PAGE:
KHN Morning Briefing

Summaries of health policy coverage from major news organizations

First Edition: September 24, 2009

Today's headlines shed light on developments during the second day of the Finance Committee's health bill mark up.

Health On The Hill: Baucus Asks Finance Committee For Truman-Like Courage
As the Senate Finance Committee devolved into partisan infighting about health overhaul legislation, chairman Max Baucus quoted Harry Truman's advice to show some courageous, skillful leadership, and seize the opportunity to change things for the better (Kaiser Health News).

Panel's Battles On Health Highlight A Broader Split
Senate Democrats swatted down Republican attempts to make fundamental changes in their health care legislation on Wednesday as the Finance Committee voted on a wide range of amendments that highlighted the deep partisan divide over the bill (The New York Times).

Medicare Is Focus On Day 2 Of Health-Care Negotiations
Slogging through a second day of work on legislation intended to overhaul the nation's health-care system, the Senate Finance Committee wrestled Wednesday with politically volatile proposals to squeeze money out of Medicare (The Washington Post).

Democrats Seek Cuts In Medicare Advantage
More than 10 million seniors enrolled in an enhanced, private version of Medicare known as Medicare Advantage - including 175,000 in Massachusetts - could see their plans shrink or be replaced with traditional coverage under the health care overhaul plans proposed by Democrats in Congress (The Boston Globe).

GOP Seizes On Medicare Fears
Democrats have a Medicare problem, and Republicans are pulling out all the stops to capitalize on it (The Hill).

Senator Tries To Allay Fears On Health Overhaul
Senator Bill Nelson of Florida desperately wants to expand health insurance coverage because one in five Floridians is uninsured. As a former state insurance commissioner, he wants to crack down on insurers. And as a member of the Senate Finance Committee, he can shape legislation to achieve both goals (The New York Times).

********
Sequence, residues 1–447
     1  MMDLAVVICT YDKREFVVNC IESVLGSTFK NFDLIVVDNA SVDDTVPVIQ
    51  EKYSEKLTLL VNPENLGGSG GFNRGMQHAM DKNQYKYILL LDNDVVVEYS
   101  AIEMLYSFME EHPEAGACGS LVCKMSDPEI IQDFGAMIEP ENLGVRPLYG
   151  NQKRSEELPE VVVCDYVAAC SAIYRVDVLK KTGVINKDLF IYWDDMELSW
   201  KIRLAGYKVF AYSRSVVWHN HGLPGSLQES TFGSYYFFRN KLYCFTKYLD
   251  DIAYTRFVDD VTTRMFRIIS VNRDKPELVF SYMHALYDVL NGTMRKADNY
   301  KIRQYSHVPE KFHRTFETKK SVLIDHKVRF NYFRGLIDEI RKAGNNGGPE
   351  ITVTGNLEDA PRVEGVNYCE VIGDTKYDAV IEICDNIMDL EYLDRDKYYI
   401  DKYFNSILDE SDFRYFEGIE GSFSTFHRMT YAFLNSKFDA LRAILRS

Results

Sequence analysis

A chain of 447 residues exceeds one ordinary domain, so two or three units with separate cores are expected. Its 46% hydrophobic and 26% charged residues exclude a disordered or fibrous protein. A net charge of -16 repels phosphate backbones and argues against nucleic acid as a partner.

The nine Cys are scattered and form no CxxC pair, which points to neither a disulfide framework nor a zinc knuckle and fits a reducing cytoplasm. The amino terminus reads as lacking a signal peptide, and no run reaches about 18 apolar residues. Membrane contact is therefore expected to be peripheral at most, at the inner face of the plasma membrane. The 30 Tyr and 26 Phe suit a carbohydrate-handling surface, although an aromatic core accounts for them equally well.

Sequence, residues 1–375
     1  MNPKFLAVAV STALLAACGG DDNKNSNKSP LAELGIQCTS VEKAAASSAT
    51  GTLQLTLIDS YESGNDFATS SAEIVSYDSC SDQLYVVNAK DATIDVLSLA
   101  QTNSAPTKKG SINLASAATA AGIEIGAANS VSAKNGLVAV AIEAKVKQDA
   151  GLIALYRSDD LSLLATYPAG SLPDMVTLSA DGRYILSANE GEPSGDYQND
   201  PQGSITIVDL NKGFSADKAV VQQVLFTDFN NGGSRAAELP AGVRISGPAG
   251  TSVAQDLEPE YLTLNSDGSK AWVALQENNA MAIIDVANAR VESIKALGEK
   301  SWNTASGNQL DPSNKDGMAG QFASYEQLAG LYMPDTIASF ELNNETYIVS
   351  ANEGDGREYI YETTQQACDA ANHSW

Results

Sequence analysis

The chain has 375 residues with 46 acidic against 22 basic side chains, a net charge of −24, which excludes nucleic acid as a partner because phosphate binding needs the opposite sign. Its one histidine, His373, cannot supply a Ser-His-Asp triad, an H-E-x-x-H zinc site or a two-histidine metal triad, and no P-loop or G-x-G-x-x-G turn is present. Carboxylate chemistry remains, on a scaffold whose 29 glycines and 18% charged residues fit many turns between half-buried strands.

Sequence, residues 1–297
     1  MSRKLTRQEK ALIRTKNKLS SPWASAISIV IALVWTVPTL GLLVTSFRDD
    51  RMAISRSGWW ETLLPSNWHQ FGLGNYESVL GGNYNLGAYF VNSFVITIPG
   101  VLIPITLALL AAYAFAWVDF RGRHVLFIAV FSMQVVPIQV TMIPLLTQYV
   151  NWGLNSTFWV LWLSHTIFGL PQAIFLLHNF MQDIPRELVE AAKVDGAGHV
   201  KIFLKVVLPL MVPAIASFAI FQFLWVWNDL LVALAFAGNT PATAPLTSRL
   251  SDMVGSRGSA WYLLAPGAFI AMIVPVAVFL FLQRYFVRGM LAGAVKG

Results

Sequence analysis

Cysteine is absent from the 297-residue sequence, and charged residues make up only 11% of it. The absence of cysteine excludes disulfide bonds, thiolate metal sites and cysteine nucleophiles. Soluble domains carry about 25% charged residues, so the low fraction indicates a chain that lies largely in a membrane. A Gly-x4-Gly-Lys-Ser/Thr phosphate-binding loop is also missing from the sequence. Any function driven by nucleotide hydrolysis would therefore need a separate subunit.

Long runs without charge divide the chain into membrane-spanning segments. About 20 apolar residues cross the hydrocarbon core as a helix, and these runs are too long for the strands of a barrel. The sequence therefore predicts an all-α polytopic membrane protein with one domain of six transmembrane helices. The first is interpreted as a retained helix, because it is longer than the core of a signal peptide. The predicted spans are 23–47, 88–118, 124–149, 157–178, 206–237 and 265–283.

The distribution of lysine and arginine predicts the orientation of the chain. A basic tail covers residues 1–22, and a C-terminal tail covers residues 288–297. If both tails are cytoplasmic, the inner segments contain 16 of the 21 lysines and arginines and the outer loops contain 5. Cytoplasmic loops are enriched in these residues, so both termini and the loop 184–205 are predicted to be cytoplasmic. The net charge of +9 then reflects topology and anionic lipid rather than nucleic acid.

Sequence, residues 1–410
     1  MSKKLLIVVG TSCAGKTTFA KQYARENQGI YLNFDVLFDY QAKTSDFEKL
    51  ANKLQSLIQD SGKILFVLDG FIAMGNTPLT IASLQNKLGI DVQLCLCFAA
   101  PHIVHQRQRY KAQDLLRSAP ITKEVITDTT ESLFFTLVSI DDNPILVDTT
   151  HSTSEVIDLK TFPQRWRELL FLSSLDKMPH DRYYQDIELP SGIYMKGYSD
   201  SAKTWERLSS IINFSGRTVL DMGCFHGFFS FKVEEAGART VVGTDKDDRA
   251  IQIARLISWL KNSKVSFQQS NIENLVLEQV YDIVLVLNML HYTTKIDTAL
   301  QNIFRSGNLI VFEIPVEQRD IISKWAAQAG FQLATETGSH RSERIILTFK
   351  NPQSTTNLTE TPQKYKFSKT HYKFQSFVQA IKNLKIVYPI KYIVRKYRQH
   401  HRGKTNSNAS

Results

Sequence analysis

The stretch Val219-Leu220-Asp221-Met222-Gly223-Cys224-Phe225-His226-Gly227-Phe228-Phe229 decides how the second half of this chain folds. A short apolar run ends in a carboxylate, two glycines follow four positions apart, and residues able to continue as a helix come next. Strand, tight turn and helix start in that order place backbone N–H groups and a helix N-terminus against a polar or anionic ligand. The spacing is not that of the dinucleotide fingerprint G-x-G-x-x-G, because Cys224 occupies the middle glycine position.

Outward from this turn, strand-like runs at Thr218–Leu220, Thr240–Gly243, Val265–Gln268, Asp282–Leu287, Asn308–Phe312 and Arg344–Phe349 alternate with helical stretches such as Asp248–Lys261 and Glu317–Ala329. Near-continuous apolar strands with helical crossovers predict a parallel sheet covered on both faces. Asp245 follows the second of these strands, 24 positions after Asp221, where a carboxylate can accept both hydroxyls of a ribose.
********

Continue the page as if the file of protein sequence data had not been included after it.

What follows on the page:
Democrats Win First Battles Over Plans To Curtail Health Costs
Senate Finance Committee members clashed over Medicare cost-cutting plans, with Democrats winning the first skirmishes yesterday over how to curb spending in the federal program for the elderly (Bloomberg).

Health Care Bill Intact With Challenges Ahead
Health care legislation along the lines sought by President Barack Obama is moving methodically if slowly through the Senate Finance Committee, where Republicans are so far unable to force any significant changes and Democrats have yet to try (The Associated Press/The Washington Post).

Pelosi Tries To Herd Conflicted Caucus
With all the attention focused on the Senate Finance Committee markup this week, Pelosi put her rank and file on notice Wednesday, telling Democrats in a closed-door session in the Capitol basement that she "hopes" to unveil a combined House health care bill by the end of next week. The speaker is anxious to preserve as much leverage with the Senate as she can, meaning she'd like to go as far left as possible without losing too many of her own (Politico).

Mandate Minus Price Controls May Increase Healthcare Costs
In the drive to bring health coverage to almost every American, lawmakers have largely rejected restrictions on how much insurers can charge, sparking fears that consumers will continue to face the skyrocketing premium increases of recent years (Los Angeles Times).

Immigrants Cling To Fragile Lifeline At Safety-Net Hospital
If Grady Memorial Hospital succeeds in closing its outpatient dialysis clinic, Tadesse A. Amdago, a 69-year-old immigrant from Ethiopia, said he would begin "counting the days until I die." Rosa Lira, 78, a permanent resident from Mexico, said she also assumed she "would just die." Another woman, a 32-year-old illegal immigrant from Honduras, said she could only hope to make it "back to my country to die" (The New York Times).

Experimental HIV Vaccine Raises Hopes
For the first time, an experimental vaccine has prevented infection with the AIDS virus, a watershed event in the deadly epidemic and a surprising result. Recent failures led many scientists to think such a vaccine might never be possible (The Associated Press/The Wall Street Journal).

Dems Race To Stop Medicare Fee Hike
House Democrats proposed Wednesday to freeze Medicare Part B premiums for the coming year rather than risk what would be an October surprise for health care reform - threatened cuts in Social Security checks for millions of elderly (Politico).

Health Reform Has A New Messenger
"I do foreign policy, I don't do healthcare," Vice President Biden told an audience at the Brookings Institution earlier this month. But it turns out Mr. Biden does do healthcare – especially in a week where President Obama is out front on foreign policy. With the health reform debate building as the Senate Finance Committee hammers out its bill, the White House appears determined to pound home its message on a daily basis. Biden also reportedly plans to get more involved in engaging his former Senate colleagues, both Democratic and Republican, on the issue (The Christian Science Monitor).


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